Doctor Atomic by John Adams
Santa Fe Opera House
By: Victor Cordell - Aug 20, 2018
The Santa Fe Opera House is the perfect venue to stage John Adams’s compelling contemporary opera Doctor Atomic, about the creation of the atomic bomb. With a riveting and intellectual, but sometimes obtuse, libretto by Peter Sellars that is largely taken from historic documents, a story whose outcome we know is still tense and absorbing. It is a story, a single event, that forever changed the world. Santa Fe Opera’s striking and memorable artistry match the stellar material.
The primary locale of the action, Los Alamos, New Mexico, is practically visible through the stage’s open rear wall, and the stunning scenery of the area envelopes the opera goer as it would have the scientists who created the bomb. Sometimes loud thunderstorms and lightening visible through the radically open opera house add appropriate drama to the proceedings. Not only did the events of this profound moment in history unfold on this high mountain desert, but the moral discussion about the project retains special resonance here. Health consequences of the first atomic testing in this state, near Alamogordo, remain.
Doctor Atomic is J. Robert Oppenheimer, director of the supersecretive Manhattan Project to develop the atomic bomb. The libretto and music center on the clock-ticking tension leading to the test and on the personalities associated with accomplishing it.
With estimable skill, Ryan McKinny portrays Oppie, as the title character is called. A physicist of the highest order, his task is to manage a clutch of other top scientists. McKinney wears Oppie’s ambivalence well, slightly stooped as if with the weight of the world on his shoulders and constantly having to contend with clashes between scientists and the government.
Physicists Edward Teller and Robert Wilson lead a group of scientists in the project who have serious moral reservations about its procedures and objectives. Since Germany has surrendered and no longer poses a threat to build its own nuclear weapon, should we continue? If we produce it, should a demonstration to the Japanese be enough to get them to surrender? Oppie attempts to field the concerns, but gains no respite with his colleagues or at home. His intellectually powerful wife Kitty, the Tewa tribe housekeeper, and his infant child provide constant reminders of the cost to humanity and the future jeoparadized by the project. Kitty hauntingly beseeches Oppie to remember that “The world is not made up of atoms. It is made up of stories.”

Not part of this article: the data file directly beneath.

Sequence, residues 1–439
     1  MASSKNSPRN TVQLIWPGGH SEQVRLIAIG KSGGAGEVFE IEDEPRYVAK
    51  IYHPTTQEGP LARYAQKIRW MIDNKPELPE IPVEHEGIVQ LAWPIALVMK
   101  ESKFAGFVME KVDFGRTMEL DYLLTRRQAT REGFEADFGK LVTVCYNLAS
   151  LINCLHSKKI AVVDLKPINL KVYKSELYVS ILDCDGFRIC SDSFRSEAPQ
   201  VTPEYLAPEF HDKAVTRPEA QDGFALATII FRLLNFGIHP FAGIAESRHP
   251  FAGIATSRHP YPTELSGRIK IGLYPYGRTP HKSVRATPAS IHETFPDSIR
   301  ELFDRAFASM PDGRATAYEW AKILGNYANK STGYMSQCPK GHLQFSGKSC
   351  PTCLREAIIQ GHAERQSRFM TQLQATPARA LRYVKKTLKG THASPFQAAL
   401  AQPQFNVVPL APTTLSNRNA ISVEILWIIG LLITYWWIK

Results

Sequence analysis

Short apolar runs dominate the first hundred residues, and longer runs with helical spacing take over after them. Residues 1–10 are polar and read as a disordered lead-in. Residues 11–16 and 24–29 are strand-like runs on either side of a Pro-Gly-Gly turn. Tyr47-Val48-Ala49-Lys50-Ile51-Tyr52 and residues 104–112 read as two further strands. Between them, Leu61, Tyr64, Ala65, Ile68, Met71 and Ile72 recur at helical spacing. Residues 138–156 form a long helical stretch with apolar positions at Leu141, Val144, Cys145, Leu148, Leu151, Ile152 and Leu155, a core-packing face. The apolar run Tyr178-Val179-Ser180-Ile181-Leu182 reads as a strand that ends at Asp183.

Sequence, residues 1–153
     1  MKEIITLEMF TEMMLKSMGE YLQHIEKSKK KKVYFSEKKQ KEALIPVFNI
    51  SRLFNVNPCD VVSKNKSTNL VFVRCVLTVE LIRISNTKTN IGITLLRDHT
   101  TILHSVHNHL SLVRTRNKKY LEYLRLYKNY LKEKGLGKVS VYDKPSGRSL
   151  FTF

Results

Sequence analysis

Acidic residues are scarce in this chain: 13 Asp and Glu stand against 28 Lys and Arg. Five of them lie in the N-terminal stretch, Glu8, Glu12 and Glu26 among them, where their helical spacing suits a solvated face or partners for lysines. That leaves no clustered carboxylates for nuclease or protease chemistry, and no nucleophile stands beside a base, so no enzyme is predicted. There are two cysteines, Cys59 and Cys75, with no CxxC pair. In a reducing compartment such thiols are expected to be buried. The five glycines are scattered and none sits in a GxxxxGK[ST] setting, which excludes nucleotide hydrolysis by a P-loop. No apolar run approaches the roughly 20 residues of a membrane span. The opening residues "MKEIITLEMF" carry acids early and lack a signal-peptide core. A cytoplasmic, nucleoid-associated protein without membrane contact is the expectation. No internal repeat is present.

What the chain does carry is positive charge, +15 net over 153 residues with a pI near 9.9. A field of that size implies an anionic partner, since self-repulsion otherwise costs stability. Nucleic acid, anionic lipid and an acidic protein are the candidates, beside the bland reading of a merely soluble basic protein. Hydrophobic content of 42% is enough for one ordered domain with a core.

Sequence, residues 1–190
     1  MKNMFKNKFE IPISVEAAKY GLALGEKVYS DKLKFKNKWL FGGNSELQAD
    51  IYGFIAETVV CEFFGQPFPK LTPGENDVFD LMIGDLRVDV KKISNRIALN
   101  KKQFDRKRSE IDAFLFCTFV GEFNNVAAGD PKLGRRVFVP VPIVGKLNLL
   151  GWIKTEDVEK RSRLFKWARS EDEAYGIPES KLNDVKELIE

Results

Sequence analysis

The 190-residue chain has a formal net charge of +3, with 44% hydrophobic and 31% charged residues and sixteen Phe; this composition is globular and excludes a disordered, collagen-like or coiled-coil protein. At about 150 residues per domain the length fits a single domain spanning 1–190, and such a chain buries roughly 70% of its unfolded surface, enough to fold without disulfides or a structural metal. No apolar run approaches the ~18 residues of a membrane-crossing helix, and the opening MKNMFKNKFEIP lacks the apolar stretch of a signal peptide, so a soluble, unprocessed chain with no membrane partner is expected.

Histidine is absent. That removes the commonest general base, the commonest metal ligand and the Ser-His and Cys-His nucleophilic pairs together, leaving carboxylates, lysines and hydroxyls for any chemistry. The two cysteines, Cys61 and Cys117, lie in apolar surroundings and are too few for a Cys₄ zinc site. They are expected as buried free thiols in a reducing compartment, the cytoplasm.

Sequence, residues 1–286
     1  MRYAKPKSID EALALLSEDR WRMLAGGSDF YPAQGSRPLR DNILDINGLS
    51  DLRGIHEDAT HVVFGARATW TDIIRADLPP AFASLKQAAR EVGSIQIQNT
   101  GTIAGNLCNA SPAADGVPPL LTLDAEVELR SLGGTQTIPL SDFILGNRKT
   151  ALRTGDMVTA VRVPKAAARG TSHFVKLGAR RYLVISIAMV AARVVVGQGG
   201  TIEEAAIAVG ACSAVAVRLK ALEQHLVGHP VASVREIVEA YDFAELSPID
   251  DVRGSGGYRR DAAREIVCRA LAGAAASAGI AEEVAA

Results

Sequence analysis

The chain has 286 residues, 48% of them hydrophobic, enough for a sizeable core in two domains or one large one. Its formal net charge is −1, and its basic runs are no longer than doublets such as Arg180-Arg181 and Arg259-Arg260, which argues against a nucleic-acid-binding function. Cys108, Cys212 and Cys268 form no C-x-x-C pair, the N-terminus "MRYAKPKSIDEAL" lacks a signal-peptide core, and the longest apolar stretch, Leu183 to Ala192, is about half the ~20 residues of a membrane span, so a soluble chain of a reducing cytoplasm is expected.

At Oppie’s other flank is General Leslie Groves played convincingly with implacable insistence by Daniel Okulitch. Groves is driven without compromise to suppress dissent and to test the bomb at whatever risk. What is so chilling is that Groves demands that they go forth with the test in the face of adverse weather conditions that could produce a catastrophe. Meanwhile, the scientists have grave concerns that the explosion could set off a chain reaction that could destroy all of civilization.
The brilliant Peter Sellars directs this production of an opera, still organic and evolving thirteen years after its premiere. He makes apt and striking, yet not totally theatrical, additions to this production. Before and during the performance, three pueblo tribes perform a Corn Dance, fundamentally a call for rain. In this case, the dancers represent the indigenous peoples who have suffered by the intrusion on their lands and all of the lies and bad decisions of white men. A silent group of “downwinders,” those who lived near the test explosion and claim adverse health consequences from fallout, also grace the stage. And interspersed throughout the opera, four dancers interpret events. Clad in Buddhist orange and maroon colors, they reflect both our conscience and the society that was destroyed by the atom bombs.
The fixed set is comprised of one element, a giant chrome orb that dominates the stage. Not only does it convey the shape of the atom about to be split, but its ominous presence looms over our very existence. Otherwise, the on-stage artistic elements are dominated by performers. But this being Santa Fe, threatening light is flashed on walls and baffles outside of the house and rumbling surround sound abounds – just in case there is no timely thunder and lightening from nature.
Adams’s music is in the modern/post-modern vein, very listenable, with the orchestra taking a back seat to the message-heavy singers. The large heaping of percussion serves the libretto well as it marches toward possible Armageddon. However, the composer’s commitment to electronic sound extends to the voice, which is a disappointment. As an artistic endeavor, acoustic opera singing has represented the apex of human vocalization since the music form originated. With amplification, any lounge singer who can carry a tune can stand on Adams’s opera stage. How can one really evaluate and appreciate an opera singer whose voice is miked?
Doctor Atomic addresses moral dilemmas of the greatest consequence in captivating manner. Despite its bloated length, incompatible with contemporary taste, and misgivings about amplification, it definitely merits a place in the modern operatic repertoire.
Doctor Atomic an opera composed by John Adams with libretto by Peter Sellars, was produced by Santa Fe Opera and played at its opera house at 301 Opera Drive, Santa Fe, NM, through its 2018 summer season.
Posted courtesy of For All Events.